Michael S. Greve Website

Michael S. Greve is a professor at George Mason University School of Law. From 2000 to August, 2012, Professor Greve was the John G. Searle Scholar at the American Enterprise Institute, where he remains a visiting scholar. His most recent book is The Upside-Down Constitution (Harvard University Press, 2012).

Dodd-Frank’s Frankenstein Creeps Forward


Leave It to the States

Six or so out-of-town summer trips down, only four more to go before the start of the Fall semester—at which point I’ll be able to resume regular blogging, and maybe even some actual research and writing. Pending that merciful eventuality, here’s my Wall Street Journal review of Adam Freedman’s recent federalism manifesto, A Less Perfect Union: The Case For States’ Rights. I’ve met Adam occasionally at Manhattan Institute events. He’s a thoroughly good guy; creative thinker; great writer. Obviously I don’t agree with every chord in his federalism riff. Foremost: while Adam does a manful job in defense of “states’ rights,”…

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Musings on Our Ersatz Legislature

The United States Supreme Court decides only about 80 cases per term. (Why 80? There are 39 days for oral argument and they really can’t be bothered to sit still for more than two cases a day, or to add argument days.) That’s what any decent county judge handles in a week. Now, granted: normal judges just handle stupid stuff, like who goes to jail for how long or who owes money to someone else. In contrast, the Supreme Court’s business is really heavy, brother—so heavy that the Court has again left a ton of hugely important decisions for the end of…

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Perfect Ten

Ten dollars isolated on white background

At long last the U.S. Department of the Treasury has taken an action for which it actually has legal authority (the 1862 Legal Tender Act): it has decided to replace Alexander Hamilton’s image on the $10 bill with the picture of a woman. After extensive consultations with stakeholders, the Department agreed that the “New 10” woman must be a Cherokee. The nod eventually went to Chief Wilma Mankiller. In a somewhat testy Senate oversight hearing, Treasury Secretary Jack Lew regretfully informed the runner-up, Ms. Elizabeth Warren, that under binding law individuals—male, female, or other—who wish to appear on U.S. currency must…

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All the King’s Men

The Supreme Court’s decision in King v. Burwell is due out shortly. As a special service to faithful and even occasional readers of this blog, I proudly present in the flesh, or at least in moving pictures, the obscure characters who produced the case. The highlight of the Competitive Enterprise Institute’s annual dinners is a staff-produced movie, starring CEI’s magnificent principals and employees. This year’s movie, originally shown to great acclaim at this year’s June 11 dinner, appears here by special permission (thanks, Annie!). To catch all the inside jokes you have to know and work with these guys and gals—good,…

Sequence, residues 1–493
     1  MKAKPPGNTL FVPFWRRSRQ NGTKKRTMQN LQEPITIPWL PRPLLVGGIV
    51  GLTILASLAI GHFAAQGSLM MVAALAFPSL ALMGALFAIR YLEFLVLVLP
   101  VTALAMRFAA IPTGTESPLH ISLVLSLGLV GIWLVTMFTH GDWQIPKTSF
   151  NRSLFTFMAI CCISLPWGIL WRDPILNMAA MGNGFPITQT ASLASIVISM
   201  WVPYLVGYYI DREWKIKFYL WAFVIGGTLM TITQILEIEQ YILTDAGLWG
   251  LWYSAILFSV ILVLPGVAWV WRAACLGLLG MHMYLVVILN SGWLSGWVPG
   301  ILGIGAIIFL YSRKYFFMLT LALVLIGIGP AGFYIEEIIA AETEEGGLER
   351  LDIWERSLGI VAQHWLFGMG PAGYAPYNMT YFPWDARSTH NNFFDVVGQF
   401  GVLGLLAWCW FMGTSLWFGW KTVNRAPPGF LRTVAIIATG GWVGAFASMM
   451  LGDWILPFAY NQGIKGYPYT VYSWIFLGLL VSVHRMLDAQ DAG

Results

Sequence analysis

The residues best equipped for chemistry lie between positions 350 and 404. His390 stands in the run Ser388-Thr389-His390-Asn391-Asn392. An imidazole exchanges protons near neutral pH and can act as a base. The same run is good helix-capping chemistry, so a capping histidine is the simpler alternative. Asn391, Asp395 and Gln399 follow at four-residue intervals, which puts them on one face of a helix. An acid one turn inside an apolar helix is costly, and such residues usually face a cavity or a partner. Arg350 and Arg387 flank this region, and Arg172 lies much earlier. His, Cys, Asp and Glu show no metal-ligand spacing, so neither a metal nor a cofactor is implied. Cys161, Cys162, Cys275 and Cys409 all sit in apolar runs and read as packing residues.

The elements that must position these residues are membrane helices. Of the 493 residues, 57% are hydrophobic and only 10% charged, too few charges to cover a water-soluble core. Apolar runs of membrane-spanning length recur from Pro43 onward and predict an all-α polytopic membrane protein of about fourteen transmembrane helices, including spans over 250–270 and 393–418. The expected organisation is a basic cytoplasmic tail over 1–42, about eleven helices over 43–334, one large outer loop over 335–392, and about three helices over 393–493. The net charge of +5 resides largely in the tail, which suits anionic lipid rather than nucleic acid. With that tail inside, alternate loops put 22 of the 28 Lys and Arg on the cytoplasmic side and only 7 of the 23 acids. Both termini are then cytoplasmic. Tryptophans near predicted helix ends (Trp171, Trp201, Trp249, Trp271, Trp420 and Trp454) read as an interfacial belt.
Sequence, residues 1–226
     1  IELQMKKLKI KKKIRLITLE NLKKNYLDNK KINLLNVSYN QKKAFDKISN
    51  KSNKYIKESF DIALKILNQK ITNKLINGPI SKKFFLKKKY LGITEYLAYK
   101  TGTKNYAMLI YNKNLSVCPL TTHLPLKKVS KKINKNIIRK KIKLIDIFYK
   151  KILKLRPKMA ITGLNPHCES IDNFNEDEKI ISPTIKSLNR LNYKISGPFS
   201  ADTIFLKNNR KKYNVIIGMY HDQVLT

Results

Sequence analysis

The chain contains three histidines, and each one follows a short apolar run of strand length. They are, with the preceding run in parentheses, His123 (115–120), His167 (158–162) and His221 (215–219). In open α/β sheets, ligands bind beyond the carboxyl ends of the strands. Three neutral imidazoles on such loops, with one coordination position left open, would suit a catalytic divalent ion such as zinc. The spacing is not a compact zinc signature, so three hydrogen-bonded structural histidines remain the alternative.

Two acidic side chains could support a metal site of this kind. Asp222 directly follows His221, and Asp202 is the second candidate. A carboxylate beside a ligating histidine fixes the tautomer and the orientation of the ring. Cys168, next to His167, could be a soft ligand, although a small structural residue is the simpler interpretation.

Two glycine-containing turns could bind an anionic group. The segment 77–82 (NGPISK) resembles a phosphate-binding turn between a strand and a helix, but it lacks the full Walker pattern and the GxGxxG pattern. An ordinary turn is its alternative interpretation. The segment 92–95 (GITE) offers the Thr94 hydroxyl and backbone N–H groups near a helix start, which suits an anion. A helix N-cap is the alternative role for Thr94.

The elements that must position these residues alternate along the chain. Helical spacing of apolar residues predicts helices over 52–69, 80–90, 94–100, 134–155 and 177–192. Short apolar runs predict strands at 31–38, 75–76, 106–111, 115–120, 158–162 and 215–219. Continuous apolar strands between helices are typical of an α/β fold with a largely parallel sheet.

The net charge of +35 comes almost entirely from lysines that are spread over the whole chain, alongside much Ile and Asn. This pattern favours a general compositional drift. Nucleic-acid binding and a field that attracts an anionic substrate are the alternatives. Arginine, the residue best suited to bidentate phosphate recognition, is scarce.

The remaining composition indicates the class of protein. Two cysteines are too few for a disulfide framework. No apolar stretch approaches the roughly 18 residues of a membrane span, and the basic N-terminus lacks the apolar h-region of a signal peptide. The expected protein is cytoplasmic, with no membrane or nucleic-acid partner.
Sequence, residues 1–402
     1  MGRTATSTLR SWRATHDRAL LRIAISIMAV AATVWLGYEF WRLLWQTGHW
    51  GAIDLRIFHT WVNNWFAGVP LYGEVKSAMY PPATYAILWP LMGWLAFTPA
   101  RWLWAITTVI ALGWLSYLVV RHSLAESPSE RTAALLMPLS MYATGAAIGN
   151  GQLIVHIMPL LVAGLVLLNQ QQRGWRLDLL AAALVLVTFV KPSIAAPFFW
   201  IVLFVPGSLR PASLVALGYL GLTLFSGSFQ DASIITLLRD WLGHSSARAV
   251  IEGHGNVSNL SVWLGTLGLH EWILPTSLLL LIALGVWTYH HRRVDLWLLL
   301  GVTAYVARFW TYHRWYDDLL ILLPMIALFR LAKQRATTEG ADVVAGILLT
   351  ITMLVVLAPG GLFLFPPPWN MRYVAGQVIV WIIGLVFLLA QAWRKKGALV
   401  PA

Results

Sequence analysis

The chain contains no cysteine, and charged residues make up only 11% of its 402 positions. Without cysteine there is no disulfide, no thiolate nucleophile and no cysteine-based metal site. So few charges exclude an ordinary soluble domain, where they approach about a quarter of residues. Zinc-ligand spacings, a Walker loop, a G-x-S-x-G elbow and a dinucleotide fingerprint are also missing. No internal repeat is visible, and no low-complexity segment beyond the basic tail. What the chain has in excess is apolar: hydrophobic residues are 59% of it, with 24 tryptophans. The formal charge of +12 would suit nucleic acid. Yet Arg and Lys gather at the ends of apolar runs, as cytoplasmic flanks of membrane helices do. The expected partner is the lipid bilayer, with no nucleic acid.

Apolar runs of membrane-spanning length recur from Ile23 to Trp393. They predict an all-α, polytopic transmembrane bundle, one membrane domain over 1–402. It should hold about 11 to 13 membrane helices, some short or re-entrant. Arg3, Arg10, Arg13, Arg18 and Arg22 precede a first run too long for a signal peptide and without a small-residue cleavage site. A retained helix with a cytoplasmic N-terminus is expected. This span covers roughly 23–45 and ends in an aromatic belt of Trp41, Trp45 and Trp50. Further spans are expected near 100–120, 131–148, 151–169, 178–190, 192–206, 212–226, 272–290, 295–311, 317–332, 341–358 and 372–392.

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Big Love

Just in time for the Supreme Court’s eagerly awaited or in any event impending decision in Obergefell, Professor Ronald C. Den Otter (of a California state university in San Luis Obispo) has mounted an impressive Defense of Plural Marriage.  As the good professor notes in a balkinization guest post, Those who care about gays and lesbians being discriminated against cannot ignore whether those who would marry multiple partners, if they were allowed to do so, are also being treated unfairly. …  What too many advocates of marriage equality fail to see is that the compelling reasons that support same-sex marriage, such…

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The Rule of Law Is Positively Therapeutic

Making bread yeast dough, chef kneading in a bakery kitchen

The English invented the rule of law. To this day they’re better at it than the rest of the world, including many English-speaking peoples who have borrowed this stuff.

Like many financial agencies across the globe, U.K. authorities have ended up with big chunks of money in settlements with misbehaving banks. The so-called Libor settlement alone netted the Chancellor of the Exchequer the equivalent of a billion bucks. What to do? As the Wall Street Journal reports, the British government decided to give the money away, to a group that’s re-enacting the Battle of Agincourt and to other worthy causes:

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Wheeler of Fortune

Last week, FCC Chairman Tom Wheeler announced a plan to extend federal subsidies for low-income Americans from landline and mobile phone services to broadband. The Internet is so cool, the FCC wants to a) regulate it under Title II of the ancient  (1934) Telecommunications Act and b) make sure everyone has access to whatever is left of the Net once the agency is through with it. Republicans in Congress are moping that the FCC has horridly mismanaged even the existing subsidy program (called “Lifeline”), so they’re reluctant to support the broadband extension. There’ll be hearings.

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